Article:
Charlie Chaplin: The silent figure of the Classic Period Maya Lowlands


May. 10, 2021, 11:30am to 12:30pm

Office/Remote Location



Speaker: Dr. Lisa Johnson, UNLV

Title: Charlie Chaplin: The silent figure of the Classic Period Maya Lowlands

Abstract: In this talk, I will discuss a category of artifacts labelled “Charlie Chaplin” figures.  These small abstract human forms incised onto jadeite, shell, slate, and bone have been found in great numbers in ritual contexts throughout the Maya Lowland Region.  What began as a small literature review and a hunt through turn of the century archaeological monographs has become a project of multiple dimensions. As I periodically return to this study, it has been a repeated attempt to move beyond dated nomenclature that effectively trivialized an important ritual object and give serious consideration to the representation of the human form as a sensually stimulating object.  Figurine studies often follow numerous approaches to analyzing and interpreting anthropomorphic artifacts.  This talk will present one approach to interpreting these objects, one in which linguistic, ethnographic, and archeological evidence is brought together to consider the various roles they may have served in ancient Maya ritual practice. But I also want to consider their potential to affect those that crafted and used them, as well as those that would later excavate, analyze, illustrate and publish on them. The “Charlie Chaplin” figurine provides an opportunity to explore the ways in which objects can impress themselves upon us, draw our attention, and refuse to be “silenced.”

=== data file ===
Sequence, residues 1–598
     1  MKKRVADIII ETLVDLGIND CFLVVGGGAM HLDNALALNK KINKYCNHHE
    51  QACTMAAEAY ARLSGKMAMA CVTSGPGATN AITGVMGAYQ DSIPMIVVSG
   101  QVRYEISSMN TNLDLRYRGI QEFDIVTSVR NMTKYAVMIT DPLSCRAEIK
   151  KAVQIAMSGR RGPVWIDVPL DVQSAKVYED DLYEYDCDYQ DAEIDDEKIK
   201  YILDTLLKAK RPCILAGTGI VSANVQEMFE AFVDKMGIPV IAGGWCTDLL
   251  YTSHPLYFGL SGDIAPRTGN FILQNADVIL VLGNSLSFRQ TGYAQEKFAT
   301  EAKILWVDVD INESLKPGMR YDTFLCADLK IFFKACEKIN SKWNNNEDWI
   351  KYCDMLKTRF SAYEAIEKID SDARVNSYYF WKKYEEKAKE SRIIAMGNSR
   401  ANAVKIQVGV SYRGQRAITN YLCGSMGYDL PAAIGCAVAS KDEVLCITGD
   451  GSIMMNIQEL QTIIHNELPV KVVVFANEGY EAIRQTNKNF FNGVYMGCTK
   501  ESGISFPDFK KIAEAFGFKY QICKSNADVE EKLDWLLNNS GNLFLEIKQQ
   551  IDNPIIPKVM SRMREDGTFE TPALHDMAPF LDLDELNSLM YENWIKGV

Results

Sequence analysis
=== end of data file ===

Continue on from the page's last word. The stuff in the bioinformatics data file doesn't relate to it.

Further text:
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Contact Information

Department of Anthropology
Liam Frink

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